Many thanks to all of you who voted to help us choose our 2016 calendar; we are pleased to present you with the winner – the Bedford Hours. The Bedford Hours is a particularly apt choice for the beginning of the year, as it was originally intended as a Christmas gift; on 24 December 1430, the manuscript now known as Add MS 18850 was presented to the newly-crowned king of England, the 8-year-old Henry VI, by his aunt, Anne of Burgundy, the duchess of Bedford.
John of Lancaster, duke of Bedford, before St George, France (Paris), c. 1410-1430, Add MS 18850, f. 256v
It was indeed a magnificent gift for the young king, containing 38 large miniatures and more than 1,200 smaller paintings, produced by the best Parisian workshops of the day. We have highlighted this glorious manuscript before on our blog; more information on the Bedford Hours can be found in our posts A Royal Gift for Christmas and What a King Should Know.
Calendar page for January, from the Bedford Hours, Add MS 18850, f. 1r
The calendar in the Bedford Hours is suitably sumptuous. The saints’ days for each month stretch across two pages, which are surrounded by lush foliage and ornately decorated letters. At the beginning of each month are two miniatures that indicate the labour of that month, as well as the relevant sign of the zodiac. But the Bedford calendar doesn’t stop there; also included on each folio are one or two medallions, which contain very unusual paintings for a calendar. At the bottom of each folio are verses, written in blue and gold, which explain the scenes above.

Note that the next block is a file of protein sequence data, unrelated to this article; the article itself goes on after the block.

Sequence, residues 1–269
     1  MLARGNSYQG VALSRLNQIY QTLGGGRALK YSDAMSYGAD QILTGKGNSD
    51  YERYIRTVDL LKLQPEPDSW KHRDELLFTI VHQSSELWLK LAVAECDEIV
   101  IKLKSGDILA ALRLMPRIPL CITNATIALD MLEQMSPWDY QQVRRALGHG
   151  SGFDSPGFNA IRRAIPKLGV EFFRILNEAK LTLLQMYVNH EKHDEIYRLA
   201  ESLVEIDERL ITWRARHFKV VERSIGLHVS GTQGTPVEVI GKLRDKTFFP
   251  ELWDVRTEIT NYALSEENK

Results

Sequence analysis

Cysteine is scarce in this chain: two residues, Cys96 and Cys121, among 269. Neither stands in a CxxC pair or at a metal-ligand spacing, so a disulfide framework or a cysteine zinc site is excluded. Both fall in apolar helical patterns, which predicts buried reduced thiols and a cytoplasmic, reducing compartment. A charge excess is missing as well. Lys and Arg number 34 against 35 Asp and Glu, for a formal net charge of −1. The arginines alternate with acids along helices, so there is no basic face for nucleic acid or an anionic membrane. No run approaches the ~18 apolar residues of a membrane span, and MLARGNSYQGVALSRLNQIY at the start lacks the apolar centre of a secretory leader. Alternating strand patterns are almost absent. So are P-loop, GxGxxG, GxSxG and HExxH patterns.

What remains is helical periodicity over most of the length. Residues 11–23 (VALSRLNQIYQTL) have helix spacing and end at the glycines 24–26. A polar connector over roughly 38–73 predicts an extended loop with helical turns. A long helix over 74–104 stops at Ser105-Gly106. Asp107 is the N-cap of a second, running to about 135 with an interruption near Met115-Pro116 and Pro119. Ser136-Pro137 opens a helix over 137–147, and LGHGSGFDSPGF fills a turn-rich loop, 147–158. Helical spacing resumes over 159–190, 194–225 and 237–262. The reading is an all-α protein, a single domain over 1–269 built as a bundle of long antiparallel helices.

Detail of the miniatures for feasting and the zodiac sign Aquarius, from the calendar page for January, Add MS 18850, f. 1r
On the bottom of f. 1r we can see two adjacent miniatures. On the left is the standard ‘labour’ for January, that of feasting – although in this case the gentleman is able to utilise his triple face for maximum eating and drinking. Next to this is a nude figure of a man pouring out water, corresponding to the zodiac sign for Aquarius.
Detail of a marginal roundel with January opening the door to the year, from the calendar page for January, Add MS 18850, f. 1r
To understand the roundel on the middle right we must turn to the rubrics (and here I am indebted to our resident expert in medieval French, Chantry Westwell). The two lines at the bottom of the folio explain how January ‘holds the key to daylight’, opening the door to the four seasons. This is, of course, exactly what we can see happening above.
Calendar page for January, Add MS 18850, f. 1v
The following folio continues the saints’ days for the month, and include two additional roundels. These illustrate how we are to greet the first day of the year, giving our hands to one another ‘as a sign of love’.
Detail of a roundel with figures greeting the new year, Add MS 18850, f. 1v
Happy New Year!
- Sarah J Biggs